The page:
Estimating ETAS
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Estimating ETAS 1. Straightforward aspects. 2. Main obstacles. 3. A trick to simplify things enormously. 4. Simulations and examples. 1. Point process estimation (or inversion) is easy. a) Point processes can generally be very well estimated by maximum likelihood estimation (MLE). 

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Estimating ETAS 1. Straightforward aspects. 2. Main obstacles.

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Estimating etas 1 straightforward aspects 2 main obstacles

Estimating ETAS

1. Straightforward aspects.

2. Main obstacles.

3. A trick to simplify things enormously.

4. Simulations and examples.


Estimating etas 1 straightforward aspects 2 main obstacles

1. Point process estimation (or inversion) is easy.

a) Point processes can generally be very well estimated by maximum likelihood estimation (MLE). 

 MLEs are generally consistent, asymptotically normal, and efficient.

Fisher (1925), Cramer (1946), Ogata (1978), Le Cam (1990).

b) Maximizing a function is fast and easy.

400 yrs of work on this since Newton (1669). Every computer package has a strong quasi-Newton minimization routine, such as optim() in R. 

For instance, suppose the function you want to minimize is

f(a,b) = (a-4.19)4 + (b-7.23)4.

f = function(p) (p[1]-4.19)^4 + (p[2]-7.23)^4

p = c(1,1) ## initial guess at (a,b)

est = optim(p,f)

c) The likelihood function is fairly simple.

In practice, it’s a little easier to compute log(likelihood), and minimize that.

log(likelihood) = ∑ log{l(ti,xi,yi)} - ∫∫∫ l(t,x,y) dt dx dy.

ETAS (Ogata ‘98), l(t,x,y) = µ r(x,y) + ∑g(t-tj, x-xj, y-yj; Mj),

where g(t,x,y,M) = K (t+c)-p ea(M-M0) (x2 + y2 + d)-q

or K (t+c)-p {(x2 + y2)e-a(M-M0) + d}-q.


Estimating etas 1 straightforward aspects 2 main obstacles

1. Point process estimation (or inversion) is easy.

ETAS (Ogata ‘98), l(t,x,y) = µ r(x,y) + ∑g(t-tj, x-xj, y-yj; Mj)

where g(t,x,y,M) = K (t+c)-p ea(M-M0) (x2 + y2 + d)-q

or K (t+c)-p {(x2 + y2)e-a(M-M0) + d}-q.

To make these spatial and temporal parts of g densities, I suggest writing g as

g(t,x,y,M) = {K (p-1) cp-1 (q-1) dq-1 / p} (t+c)-p ea(M-M0) (x2 + y2 + d)-q

or

g(t,x,y,M) = {K (p-1) cp-1 (q-1) dq-1 / p} (t+c)-p {(x2 + y2)e-a(M-M0) + d}-q.

Two reasons for this:

1) It’s easy to see how to replace g by another density.

2) For each earthquake (tj,xj,yj,Mj),

∫∫∫ g(t-tj, x-xj, y-yj; Mj) dt dx dy = K ea(M-M0).


Estimating etas 1 straightforward aspects 2 main obstacles

2. Point process estimation is hard!

Main obstacles:

a) Small problems with optimization routines.

Extreme flatness, local maxima, choosing a starting value.

b) The integral term in the log likelihood.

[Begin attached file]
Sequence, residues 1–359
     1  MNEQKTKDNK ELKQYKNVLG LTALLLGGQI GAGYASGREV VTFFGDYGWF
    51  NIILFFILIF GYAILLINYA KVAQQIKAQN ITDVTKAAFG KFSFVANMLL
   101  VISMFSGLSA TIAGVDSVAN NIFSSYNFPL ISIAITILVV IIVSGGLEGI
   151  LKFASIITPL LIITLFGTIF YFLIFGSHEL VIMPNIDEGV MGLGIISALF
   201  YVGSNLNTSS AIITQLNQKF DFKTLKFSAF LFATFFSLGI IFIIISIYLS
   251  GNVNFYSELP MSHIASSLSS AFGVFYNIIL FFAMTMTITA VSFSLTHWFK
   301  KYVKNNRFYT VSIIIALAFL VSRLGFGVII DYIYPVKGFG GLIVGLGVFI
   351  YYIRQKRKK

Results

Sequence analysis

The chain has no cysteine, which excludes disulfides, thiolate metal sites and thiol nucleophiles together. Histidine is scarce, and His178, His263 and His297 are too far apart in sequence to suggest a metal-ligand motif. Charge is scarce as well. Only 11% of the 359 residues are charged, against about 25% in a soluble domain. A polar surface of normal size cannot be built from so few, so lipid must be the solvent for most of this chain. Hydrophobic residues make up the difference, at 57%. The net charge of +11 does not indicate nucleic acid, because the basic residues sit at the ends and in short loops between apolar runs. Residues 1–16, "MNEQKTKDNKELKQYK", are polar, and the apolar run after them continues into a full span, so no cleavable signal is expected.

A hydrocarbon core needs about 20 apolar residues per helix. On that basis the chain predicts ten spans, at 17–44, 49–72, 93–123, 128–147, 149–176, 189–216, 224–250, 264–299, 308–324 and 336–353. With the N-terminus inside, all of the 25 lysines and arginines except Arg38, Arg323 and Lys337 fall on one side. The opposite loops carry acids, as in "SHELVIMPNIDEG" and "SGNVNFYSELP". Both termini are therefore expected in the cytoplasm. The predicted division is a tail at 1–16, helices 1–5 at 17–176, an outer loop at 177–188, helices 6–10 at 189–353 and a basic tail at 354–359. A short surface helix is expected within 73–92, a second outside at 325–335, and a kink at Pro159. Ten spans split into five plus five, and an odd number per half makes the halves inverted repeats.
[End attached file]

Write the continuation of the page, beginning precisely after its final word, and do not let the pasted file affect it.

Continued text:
log(likelihood) = ∑ log{l(ti,xi,yi)} - ∫∫∫ l(t,x,y) dt dx dy.

The sum is easy, but the integral term is extremely difficult to compute.

By far the hardest part of estimation (Ogata 1998, Harte 2010).

Ogata ‘98: divide space around each pt into quadrants and integrate over them.

Harte ‘10: PtProcess uses optim() or nlm(). User must calculate the ∫ somehow.

Numerical approximation is slow and is a poor approx. for some values of p,q, etc.

1,000 computations x 1,000 events x 1,000 function calls = 1 billion computations.

Problem b) contributes to a reluctance to repeat estimation and check on a).


Estimating etas 1 straightforward aspects 2 main obstacles

3. A suggested trick.

Recall that log(likelihood) = ∑ log{l(ti,xi,yi)} - ∫∫∫ l(t,x,y) dt dx dy,

where l(t,x,y) = µ r(x,y) + ∑g(t-tj, x-xj, y-yj; Mj).

After normalizing g,

∫∫∫ g(t-tj, x-xj, y-yj; Mj) dt dx dy = K ea(M-M0),

if the integral were over infinite time and space.

Technically, in evaluating ∫∫∫ l(t,x,y) dt dx dy, the integral is just over time [0,T] and in some spatial region S.

I suggest ignoring this and approximating ∫∫∫ g(t-tj, x-xj, y-yj; Mj) dt dx dy ~ K ea(M-M0).

Thus, ∫∫∫ l(t,x,y) dt dx dy = µT + ∫∫∫ ∑ g(t-tj, x-xj, y-yj; Mj) dt dx dy

= µT + ∑ ∫∫∫ g(t-tj, x-xj, y-yj; Mj) dt dx dy

~ µT + K ∑ ea(Mj-M0),

which doesn’t depend on c,p,q,d, and is extremely easy to compute.


4 simulation and example 100 etas processes estimated my way

4. Simulation and example.

100 ETAS processes, estimated my way.


4 simulation and example error in from 100 etas simulations

4. Simulation and example.

% error in µ, from 100 ETAS simulations.


Estimating etas 1 straightforward aspects 2 main obstacles

4. Simulation and example.

CA earthquakes from 14 months after Hector Mine, M ≥ 3, from SCSN / SCEDC, as discussed in Ogata, Y., Jones, L. M. and Toda, S. (2003).


Estimating etas 1 straightforward aspects 2 main obstacles

4. Simulation and example.

Hector Mine data. Convergence of ETAS parameters is evident after ~ 200 days.

Note that this repeated estimation over different time windows is easy if one uses the integral trick. This seems to lead to more stability in the estimates, since a little local maximum is less likely to appear repeatedly in all these estimations.


4 simulation and example hector mine data etas parameter estimates as ratios of final estimates

4. Simulation and example.

Hector Mine data. ETAS parameter estimates as ratios of final estimates.


Estimating etas 1 straightforward aspects 2 main obstacles

Suggestions.

1. Write the triggering function as a density in time and space.

2. Approximate the integral term as K ∑ ea(Mj-M0).

3. Given data from time 0 to time T,

estimate ETAS using data til time T/100, then 2T/100, etc.,

and assess convergence.

Conclusions.

It’s fast, easy, and works great.

Huge reduction in run time. Enormous reduction in programming.


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